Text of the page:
Egypt’s opposition El-Wafd party elects new leader

Gamal Essam El-Din , Saturday 12 Mar 2022

Abdel-Sanad Yamama was elected as the new leader of Egypt’s opposition El-Wafd party on Friday.


Yamama, a member of the party’s higher council and head of its political studies institute, will replace Bahaa El-Din Abu Shoqa — the Egyptian Senate’s deputy speaker and leader of El-Wafd since 2015.

Yamama, 72, will hold the post until 2026.

The election was held at the headquarters of El-Wafd party in Giza’s Dokki district.

The judicial committee that was in charge of supervising the vote said the ballot was held between 9am and 5pm in an environment marked with transparency and competitiveness, with Yamama and Abu Shoqa only competing against each other. The committee said that the final tally recorded 1,668 votes for Yamama and 1,548 for Abu Shoqa.

Yamama graduated from Cairo University’s Faculty of Law in 1947. He also got a PhD in law from the French University of Nancy in 1988. He then joined El-Wafd in 2004 and was elected three times as a member of the party’s higher council.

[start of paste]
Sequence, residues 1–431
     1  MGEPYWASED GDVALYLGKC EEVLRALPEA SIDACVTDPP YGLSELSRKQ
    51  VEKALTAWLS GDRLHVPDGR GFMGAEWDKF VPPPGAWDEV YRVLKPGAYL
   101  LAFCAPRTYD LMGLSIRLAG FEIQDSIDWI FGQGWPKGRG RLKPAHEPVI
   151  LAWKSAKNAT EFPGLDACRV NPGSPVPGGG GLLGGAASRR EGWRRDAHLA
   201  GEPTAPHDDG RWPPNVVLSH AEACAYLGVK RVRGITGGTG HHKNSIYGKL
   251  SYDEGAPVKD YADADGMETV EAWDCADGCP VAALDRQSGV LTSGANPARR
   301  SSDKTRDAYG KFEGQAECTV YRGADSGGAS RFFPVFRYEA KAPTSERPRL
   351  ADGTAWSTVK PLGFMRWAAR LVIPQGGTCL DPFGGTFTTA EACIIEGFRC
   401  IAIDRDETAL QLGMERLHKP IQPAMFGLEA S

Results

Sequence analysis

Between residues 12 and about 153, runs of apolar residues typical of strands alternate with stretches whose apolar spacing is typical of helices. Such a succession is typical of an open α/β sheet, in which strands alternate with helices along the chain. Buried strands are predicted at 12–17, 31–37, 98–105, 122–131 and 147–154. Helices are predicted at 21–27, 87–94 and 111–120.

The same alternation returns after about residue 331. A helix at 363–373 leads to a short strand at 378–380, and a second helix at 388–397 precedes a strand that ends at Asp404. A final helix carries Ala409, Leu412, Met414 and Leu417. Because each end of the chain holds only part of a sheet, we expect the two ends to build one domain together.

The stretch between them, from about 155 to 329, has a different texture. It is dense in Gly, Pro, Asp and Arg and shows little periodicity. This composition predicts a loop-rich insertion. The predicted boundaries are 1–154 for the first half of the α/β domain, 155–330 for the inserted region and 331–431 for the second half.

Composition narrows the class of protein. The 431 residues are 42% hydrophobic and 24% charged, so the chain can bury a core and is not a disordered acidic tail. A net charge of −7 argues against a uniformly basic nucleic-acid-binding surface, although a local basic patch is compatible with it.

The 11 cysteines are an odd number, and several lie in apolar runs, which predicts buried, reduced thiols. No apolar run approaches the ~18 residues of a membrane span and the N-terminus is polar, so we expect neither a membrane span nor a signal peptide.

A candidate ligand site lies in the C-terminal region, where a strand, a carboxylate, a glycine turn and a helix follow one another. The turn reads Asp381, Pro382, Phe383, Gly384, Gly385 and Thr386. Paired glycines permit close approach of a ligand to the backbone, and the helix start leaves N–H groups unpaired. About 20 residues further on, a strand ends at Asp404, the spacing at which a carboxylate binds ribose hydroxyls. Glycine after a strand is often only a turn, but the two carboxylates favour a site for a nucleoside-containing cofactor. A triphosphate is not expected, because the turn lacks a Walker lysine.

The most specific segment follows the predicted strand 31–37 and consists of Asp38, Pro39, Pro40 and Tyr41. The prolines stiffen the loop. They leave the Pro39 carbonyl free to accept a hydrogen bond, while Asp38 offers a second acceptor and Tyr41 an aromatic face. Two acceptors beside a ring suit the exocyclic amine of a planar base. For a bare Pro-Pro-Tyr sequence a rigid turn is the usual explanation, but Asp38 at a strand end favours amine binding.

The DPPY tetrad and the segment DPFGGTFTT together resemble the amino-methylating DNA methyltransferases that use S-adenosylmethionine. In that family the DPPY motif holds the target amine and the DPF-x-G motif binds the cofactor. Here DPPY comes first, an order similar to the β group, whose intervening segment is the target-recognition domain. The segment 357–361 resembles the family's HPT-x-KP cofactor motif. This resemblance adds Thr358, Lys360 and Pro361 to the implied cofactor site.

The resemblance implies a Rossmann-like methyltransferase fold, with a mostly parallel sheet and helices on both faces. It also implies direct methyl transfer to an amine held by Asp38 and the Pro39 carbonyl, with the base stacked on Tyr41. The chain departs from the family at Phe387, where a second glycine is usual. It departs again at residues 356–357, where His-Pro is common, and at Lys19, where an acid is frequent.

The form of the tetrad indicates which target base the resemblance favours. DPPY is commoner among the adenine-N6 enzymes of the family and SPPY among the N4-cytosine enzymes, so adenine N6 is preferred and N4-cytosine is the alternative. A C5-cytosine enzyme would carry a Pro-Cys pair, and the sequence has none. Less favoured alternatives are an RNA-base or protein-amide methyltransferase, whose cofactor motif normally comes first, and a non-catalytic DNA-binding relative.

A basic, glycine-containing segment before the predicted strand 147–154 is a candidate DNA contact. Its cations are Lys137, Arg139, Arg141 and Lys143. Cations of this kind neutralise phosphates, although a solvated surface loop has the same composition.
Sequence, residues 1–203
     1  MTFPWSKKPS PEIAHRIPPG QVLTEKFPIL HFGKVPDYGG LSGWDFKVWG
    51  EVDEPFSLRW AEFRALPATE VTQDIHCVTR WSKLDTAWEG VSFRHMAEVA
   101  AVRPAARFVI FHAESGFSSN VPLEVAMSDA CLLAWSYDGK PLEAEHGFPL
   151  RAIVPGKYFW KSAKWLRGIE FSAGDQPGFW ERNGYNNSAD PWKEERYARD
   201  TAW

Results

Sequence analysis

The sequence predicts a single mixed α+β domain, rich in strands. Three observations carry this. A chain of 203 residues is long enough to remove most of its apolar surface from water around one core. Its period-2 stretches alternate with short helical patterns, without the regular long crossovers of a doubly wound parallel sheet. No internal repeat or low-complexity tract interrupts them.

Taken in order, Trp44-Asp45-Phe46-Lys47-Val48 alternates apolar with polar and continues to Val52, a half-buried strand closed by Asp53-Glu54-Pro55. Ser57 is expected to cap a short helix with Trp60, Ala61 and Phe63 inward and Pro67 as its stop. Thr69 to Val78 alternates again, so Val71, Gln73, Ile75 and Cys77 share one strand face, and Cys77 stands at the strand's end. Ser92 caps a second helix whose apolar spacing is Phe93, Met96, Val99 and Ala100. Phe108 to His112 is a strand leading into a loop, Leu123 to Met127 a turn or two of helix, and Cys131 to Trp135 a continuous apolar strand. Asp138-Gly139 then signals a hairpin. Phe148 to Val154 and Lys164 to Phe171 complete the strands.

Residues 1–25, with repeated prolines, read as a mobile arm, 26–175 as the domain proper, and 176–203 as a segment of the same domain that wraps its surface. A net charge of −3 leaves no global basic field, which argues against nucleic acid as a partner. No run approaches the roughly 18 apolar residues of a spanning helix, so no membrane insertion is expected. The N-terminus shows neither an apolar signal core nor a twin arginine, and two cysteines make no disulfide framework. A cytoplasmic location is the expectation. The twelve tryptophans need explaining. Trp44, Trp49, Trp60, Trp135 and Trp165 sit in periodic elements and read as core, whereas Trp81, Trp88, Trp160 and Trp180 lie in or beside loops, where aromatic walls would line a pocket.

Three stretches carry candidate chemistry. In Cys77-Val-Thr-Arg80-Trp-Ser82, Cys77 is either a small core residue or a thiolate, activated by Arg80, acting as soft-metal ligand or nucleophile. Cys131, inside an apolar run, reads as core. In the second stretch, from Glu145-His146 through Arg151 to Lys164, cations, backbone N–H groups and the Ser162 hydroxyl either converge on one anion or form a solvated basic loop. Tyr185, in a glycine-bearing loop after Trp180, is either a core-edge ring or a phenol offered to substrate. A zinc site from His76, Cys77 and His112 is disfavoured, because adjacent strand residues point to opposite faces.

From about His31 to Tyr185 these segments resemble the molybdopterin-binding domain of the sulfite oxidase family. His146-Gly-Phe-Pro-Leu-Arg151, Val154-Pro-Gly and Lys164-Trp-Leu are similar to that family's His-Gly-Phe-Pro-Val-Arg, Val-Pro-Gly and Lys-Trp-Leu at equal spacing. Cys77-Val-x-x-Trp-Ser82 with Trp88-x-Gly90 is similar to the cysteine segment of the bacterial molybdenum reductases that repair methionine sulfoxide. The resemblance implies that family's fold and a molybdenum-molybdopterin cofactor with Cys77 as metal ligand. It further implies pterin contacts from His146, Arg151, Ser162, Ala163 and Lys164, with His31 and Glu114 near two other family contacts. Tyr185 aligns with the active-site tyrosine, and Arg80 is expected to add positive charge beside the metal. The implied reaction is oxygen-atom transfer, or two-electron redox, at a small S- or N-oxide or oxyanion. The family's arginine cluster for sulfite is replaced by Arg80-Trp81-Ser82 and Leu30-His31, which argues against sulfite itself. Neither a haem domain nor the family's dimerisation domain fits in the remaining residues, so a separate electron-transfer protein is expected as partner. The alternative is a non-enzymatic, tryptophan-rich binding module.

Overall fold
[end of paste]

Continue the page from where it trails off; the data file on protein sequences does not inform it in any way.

Following his election, Yamama said: “I intend to open a new page in El-Wafd’s long history.”

“The first line in this page is that El-Wafd should reassume its true role as an opposition party defending liberal democracy, active political participation, rights, freedoms, social justice, and Egypt’s pioneering role in its Arab and regional sphere.”

Yamama said in an interview with Al-Ahram newspaper on Friday that he was not satisfied at all with the performance of Abu Shoqa as the leader of El-Wafd party over the last seven years.

“He turned El-Wafd into a pro-government party, and most of the decisions he took as a party leader were undemocratic, and so I am politically different from Abu Shoqa,” said Yamama.

El-Wafd is Egypt’s longest-serving political party. The party was founded following the breakout of Egypt’s 1919 nationalist revolution against the British occupation at the time.

El-Wafd is a liberal-oriented party, advocating liberal democracy and free enterprise.

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